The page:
Chestnut Flour Pound Cakes

    Homemade Pound cake
    MelindaChan / Getty Images

    Make this subtly sweet and nutty chestnut flour pound cake for a tea-time snack or the perfect coffee or cocoa companion. This recipe makes a loaf pan-sized cake or several smaller cakes, which would look adorable on a little platter or as individual desserts for an afternoon gathering.

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  • 13 of 15

    Candied Chestnuts

    candied chestnuts
    Photo © M.studio - Fotolia.com

    These Turkish candied chestnuts date all the way back to the Ottoman Empire and once you try them, you’ll understand why. They come out sweet, slightly umami, with a tender, meaty texture. Peeling and boiling them takes the most time, but the rest of the recipe comes together quite easily.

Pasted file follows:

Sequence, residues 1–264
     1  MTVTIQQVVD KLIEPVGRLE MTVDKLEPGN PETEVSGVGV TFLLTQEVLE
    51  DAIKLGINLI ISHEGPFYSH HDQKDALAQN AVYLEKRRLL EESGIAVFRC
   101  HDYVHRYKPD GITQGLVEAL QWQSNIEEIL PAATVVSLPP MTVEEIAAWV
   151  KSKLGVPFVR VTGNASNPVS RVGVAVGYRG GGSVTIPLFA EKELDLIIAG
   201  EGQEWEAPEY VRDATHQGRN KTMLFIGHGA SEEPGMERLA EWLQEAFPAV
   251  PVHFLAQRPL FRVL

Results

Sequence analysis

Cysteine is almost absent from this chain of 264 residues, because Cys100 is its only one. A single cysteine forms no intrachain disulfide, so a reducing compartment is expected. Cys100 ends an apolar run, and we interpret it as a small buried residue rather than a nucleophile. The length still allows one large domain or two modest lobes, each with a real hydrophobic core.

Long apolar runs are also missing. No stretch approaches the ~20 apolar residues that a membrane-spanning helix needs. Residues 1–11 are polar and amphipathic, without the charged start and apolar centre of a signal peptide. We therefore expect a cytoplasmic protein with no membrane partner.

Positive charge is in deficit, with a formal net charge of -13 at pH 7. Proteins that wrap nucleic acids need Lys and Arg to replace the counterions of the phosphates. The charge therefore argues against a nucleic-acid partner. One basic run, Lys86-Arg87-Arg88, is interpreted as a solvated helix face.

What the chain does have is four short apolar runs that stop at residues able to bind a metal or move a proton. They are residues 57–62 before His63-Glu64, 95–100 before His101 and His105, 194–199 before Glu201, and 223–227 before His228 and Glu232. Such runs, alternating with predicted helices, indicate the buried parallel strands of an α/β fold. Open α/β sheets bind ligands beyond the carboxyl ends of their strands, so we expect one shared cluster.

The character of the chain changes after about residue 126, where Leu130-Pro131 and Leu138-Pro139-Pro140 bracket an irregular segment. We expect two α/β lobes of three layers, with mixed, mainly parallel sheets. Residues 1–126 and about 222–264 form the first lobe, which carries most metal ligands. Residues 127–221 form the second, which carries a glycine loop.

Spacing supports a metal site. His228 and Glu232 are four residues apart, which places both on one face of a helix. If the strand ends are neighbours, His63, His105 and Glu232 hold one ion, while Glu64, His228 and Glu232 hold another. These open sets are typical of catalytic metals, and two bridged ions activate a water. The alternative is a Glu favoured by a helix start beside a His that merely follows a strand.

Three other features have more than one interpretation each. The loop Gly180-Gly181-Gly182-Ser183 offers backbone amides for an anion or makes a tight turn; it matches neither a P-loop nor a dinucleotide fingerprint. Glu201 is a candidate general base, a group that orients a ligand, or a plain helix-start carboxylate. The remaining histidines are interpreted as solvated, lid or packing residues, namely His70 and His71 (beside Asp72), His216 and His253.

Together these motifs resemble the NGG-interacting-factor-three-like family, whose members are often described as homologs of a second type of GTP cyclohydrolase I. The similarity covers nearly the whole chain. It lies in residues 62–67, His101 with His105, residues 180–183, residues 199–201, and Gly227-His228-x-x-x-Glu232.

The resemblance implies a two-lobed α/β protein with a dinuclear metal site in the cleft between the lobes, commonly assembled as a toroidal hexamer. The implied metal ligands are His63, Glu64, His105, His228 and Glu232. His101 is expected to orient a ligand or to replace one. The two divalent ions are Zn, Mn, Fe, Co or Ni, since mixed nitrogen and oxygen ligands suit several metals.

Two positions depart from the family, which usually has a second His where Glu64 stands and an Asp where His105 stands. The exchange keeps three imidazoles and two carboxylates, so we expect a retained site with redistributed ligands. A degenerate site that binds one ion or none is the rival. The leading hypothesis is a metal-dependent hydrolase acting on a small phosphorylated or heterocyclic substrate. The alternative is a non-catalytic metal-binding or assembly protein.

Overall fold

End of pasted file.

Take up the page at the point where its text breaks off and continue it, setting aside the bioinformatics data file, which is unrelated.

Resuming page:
• 14 of 15

    Gluten-free Chestnut Flour

    Chestnut flour

     

    al62 / Getty Images 

    If you need to avoid gluten, try making your own flour. Chestnuts have a signature nutty taste and when milled, the resulting chestnut flour works great in a variety of recipes. Try it in flatbreads, polenta, or pasta for a rural Italian flavor.

  • 15 of 15

    Boiling Chestnuts

    turkish roasted chestnuts
    Photo © kab-vision - Fotolia.com

    Most of us know about roasted chestnuts, but not everyone has tried them boiled. Doing so prepares the tree nut for use in recipes like purées, as a dessert ingredient, or to grind into flour. They don’t taste as great as roasted or grilled for eating plain though, so steer clear of this method for snacking.